In high school I was that kid. Who constructed a dresser-sized wood masterpiece out of plywood and stained it with mahogany finish… for a creative project about “my odyssey.” Most people got by with a paper, or a handily done poster. Not me. I made my dad tote that masterpiece of a chest all the way from my house to school. I coded books from front to back with a rainbow of colors. For that, I still remember the opening words of Ellen Foster. And one year when we were asked to devise a “personal project” — a capstone of the IB program– I had the grand idea of planting a big ol’ garden. I remember how it was a dream drawing up that project proposal and thinking about all the vegetables I wanted to plant, all the flowers I would buy. Not worried (or at all aware) of how much money, time, pure sweat, and joy that garden would gift and challenge me with, I drew up a plan that was ambitious to say the least. But no one ever stopped me.
I think about those projects a lot these days. I wonder mostly why my teachers never ever looked at me once and said YOU ARE CRAZY, child. What are you doing? I think about the smug glances my parents would give me. They never said no. But there were definitely those side glances. Those there she goes again moments. Yep, that’s our daughter.
Henrico wasn’t the richest school. We didn’t have a gazillion AP classes. But I had teachers who never ever ever told me no, even though they probably were thinking in the back of their minds where the heck is this kid coming from….? I know they worried. But they let me learn and do things as I wanted to. When I came up with these big elaborate projects for simple assignments, they just let me do it. When my classmates got snarky, they defended me. When my classmates grew complimentary, they humbled me.
I realize now how lucky I was. In high school, my teachers placed no limits on what I could do.
It is ironic to me then that as I sit at Harvard, a place filled with more opportunity than I ever could have imagined, more places to go, more people to meet than I ever could have guessed… it’s here that I suddenly feel limited.
In high school explaining the ways of the world was possible, an (attempted) explanation born of naiveté and optimism perhaps, but a possibility nonetheless.
Age and Harvard have gifted me (for better or worse) with more pragmatism. And some brevity too. I realize now how enormous the challenges of the world are. I’ve been frustrated by the push to pare down these problems, these big questions into simple, quantifiable variables that I can study. But I do realize the necessity.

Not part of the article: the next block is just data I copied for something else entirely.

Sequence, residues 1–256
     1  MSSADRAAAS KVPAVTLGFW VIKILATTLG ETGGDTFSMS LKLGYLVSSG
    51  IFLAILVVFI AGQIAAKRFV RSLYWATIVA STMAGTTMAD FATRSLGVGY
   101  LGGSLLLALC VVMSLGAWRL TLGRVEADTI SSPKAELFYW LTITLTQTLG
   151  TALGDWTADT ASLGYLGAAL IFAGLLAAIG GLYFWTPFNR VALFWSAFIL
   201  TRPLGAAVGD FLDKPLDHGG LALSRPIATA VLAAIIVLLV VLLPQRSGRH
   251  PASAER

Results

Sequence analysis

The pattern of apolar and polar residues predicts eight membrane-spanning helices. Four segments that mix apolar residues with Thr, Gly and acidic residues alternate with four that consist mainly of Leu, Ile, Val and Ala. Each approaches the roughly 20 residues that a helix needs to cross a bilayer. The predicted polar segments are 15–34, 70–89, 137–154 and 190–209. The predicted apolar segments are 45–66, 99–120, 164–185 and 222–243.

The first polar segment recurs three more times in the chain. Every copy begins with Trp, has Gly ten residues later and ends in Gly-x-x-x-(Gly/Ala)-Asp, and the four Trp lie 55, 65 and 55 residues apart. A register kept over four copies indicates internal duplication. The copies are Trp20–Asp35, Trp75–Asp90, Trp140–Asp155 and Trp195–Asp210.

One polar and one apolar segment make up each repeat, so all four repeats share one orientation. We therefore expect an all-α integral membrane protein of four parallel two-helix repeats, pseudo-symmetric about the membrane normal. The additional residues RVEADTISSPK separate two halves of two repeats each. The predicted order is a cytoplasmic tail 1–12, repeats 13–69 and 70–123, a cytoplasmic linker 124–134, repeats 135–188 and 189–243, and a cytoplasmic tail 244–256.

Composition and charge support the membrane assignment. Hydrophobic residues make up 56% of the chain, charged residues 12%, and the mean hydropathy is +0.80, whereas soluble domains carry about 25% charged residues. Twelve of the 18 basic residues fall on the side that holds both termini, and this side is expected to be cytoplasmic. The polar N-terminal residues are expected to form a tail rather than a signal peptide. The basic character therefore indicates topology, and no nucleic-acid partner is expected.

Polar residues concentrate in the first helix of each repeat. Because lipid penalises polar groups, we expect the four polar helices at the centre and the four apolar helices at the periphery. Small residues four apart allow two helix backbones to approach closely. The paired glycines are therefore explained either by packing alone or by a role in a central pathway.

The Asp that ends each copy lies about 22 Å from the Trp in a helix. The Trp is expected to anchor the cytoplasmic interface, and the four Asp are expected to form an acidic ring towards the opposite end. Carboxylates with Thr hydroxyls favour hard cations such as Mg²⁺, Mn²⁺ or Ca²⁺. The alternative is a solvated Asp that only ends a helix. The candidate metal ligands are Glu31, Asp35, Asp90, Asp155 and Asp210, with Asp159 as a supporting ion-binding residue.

Put simply, last year when I walked into a professor’s office and he asked me what I wanted to study, I said: the world. He chuckled. That’s what you say now.
But in high school, that wasn’t too weighty a proposition. The world wasn’t too big. Trying to explain it wasn’t an impossible feat. In college (and with age), it is enormous, spanning far wider than I ever could have imagined from my little room on Greenbrooke Drive. The people that fill it, the stories both told and untold, the conflicts, the wars, the peaceful resolutions, the problems still not fixed. The world is huge and while I knew that on some intellectual level as a high school student, youth kept me from really believing it.
The hard lesson of this year so far has been realizing that even as I have so many BIG questions, for now I must focus on just one. In a clutter crisis of a world inundated by news and social media and boundless human interactions, that is TOUGH. And narrowing my work here as an undergraduate to just one question is not easy. And while I am grateful for what this is teaching me, boy do I miss high school.
For now, I must leave you with two quotes that have been helping me in this process, as relayed to me by the anchor from the show I worked on this past summer– Fareed Zakaria… as was once told to him by his mentor (and former Harvard Professor), Samuel Huntington.
“You have to find a big independent variable and a big dependent variable.
If you’re trying to explain something trivial, who cares?”
“If you tell people the world is complicated, you’re not doing your job as a social scientist. They already know its complicated, your job is to distill it, simplify it, and give them a sense of what is the single, or what are the couple, of powerful causes that explain this powerful phenomenon.”